At the risk of wading into spectacularly unfamiliar territory, here goes:
The big issue among Westport teenage girls these days is…long dresses.
The brouhaha — played out on Facebook and Twitter, and in the pages of the Westport News and Staples High School newspaper Inklings — arose when organizers of two formal dances (“Red & White” for seniors, “Counties” for juniors in Westport, Weston, Wilton and Fairfield) decreed that starting this winter, short skirts are out.
Young women must wear long dresses. (Guys have traditionally worn tuxes.)
Girls (and their mothers) are now debating everything from the financial burden of buying long dresses, to the unspoken tradition that Staples girls wear short dresses to Counties, Red & White and the junior prom, making long dresses at the senior prom something extra-special.
The change was made, the president of the governing County Assemblies organization said, both to uphold tradition — this is the 75th edition of the formal dances — and because of complaints that some dresses were too short.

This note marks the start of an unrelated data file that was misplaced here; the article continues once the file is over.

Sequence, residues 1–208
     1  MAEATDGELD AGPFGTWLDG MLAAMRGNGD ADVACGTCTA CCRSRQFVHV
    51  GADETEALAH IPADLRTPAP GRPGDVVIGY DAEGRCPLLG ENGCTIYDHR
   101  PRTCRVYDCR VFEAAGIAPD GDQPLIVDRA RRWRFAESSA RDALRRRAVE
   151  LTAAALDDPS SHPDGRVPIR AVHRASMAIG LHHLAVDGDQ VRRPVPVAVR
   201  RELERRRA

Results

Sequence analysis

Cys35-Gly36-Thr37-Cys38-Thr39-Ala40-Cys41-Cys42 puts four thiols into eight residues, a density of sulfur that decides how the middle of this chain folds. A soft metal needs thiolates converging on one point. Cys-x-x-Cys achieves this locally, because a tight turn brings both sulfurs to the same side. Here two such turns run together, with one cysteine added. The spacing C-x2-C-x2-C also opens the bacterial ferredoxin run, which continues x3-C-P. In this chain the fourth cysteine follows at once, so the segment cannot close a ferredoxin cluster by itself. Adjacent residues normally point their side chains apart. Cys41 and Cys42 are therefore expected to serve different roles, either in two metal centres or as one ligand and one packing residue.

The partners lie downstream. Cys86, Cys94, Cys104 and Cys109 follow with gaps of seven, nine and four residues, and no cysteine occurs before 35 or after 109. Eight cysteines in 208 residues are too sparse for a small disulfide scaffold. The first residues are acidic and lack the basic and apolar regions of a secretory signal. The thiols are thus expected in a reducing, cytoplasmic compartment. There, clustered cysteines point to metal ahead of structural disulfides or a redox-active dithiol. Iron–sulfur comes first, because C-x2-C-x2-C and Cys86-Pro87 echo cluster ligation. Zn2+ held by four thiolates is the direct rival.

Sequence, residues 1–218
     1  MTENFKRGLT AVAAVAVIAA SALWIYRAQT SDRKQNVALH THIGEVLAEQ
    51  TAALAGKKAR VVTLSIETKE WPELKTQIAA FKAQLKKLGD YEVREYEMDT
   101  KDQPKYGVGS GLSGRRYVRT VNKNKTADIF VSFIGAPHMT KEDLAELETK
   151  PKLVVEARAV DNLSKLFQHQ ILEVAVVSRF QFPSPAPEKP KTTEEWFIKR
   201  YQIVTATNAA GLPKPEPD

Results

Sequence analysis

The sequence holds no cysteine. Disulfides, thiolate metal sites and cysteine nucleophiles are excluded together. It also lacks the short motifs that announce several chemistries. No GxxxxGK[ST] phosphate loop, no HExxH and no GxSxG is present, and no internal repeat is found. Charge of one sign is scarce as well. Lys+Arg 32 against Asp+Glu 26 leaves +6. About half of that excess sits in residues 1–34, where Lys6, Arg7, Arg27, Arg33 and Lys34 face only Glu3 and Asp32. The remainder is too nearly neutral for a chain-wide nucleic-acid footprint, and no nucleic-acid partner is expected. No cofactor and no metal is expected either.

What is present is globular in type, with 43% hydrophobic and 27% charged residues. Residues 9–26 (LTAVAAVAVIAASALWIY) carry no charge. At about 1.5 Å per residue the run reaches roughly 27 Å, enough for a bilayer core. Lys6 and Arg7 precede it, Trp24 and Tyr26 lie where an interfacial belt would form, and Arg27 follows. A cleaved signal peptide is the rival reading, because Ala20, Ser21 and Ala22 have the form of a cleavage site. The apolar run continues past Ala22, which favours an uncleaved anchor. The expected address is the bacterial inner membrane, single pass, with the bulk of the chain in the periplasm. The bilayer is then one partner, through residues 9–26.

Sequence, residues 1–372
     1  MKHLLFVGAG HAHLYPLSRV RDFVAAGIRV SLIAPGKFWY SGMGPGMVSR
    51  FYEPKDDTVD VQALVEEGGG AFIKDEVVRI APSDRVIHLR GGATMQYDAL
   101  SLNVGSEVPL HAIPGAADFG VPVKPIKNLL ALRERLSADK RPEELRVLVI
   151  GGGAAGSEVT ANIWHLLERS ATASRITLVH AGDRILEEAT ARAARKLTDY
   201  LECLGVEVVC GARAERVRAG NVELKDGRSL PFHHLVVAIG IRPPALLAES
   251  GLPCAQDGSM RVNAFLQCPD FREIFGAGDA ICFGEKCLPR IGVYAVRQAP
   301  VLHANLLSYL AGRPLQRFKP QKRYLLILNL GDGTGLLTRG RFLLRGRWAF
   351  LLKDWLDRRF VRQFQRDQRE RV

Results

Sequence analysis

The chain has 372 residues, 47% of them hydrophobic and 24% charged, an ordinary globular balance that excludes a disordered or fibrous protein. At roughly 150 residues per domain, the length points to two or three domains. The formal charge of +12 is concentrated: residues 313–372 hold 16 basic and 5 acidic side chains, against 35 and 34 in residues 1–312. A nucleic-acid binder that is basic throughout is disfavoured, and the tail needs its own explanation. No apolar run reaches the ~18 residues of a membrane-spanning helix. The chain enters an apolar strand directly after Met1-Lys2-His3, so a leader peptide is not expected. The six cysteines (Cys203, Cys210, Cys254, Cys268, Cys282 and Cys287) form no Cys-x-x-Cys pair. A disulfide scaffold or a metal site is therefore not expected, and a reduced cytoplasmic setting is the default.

“It’s not a Hollywood dance party,” president Cathi Zilling told the News. “It is a black-tie formal.”
She noted that the dances began as a way to introduce young people to “social graces and social causes.” (Proceeds are donated to charities.)
Never mind that “social graces” at some of the recent formal dances have included fistfights and vomiting — both, presumably, alcohol-related.
And never mind that no one attends Counties or Red & White because they want to give money to worthy organizations.
It’s all about — like a Hollywood dance party — seeing and being seen. About who goes with whom.
And about pre-gaming, and the after-parties.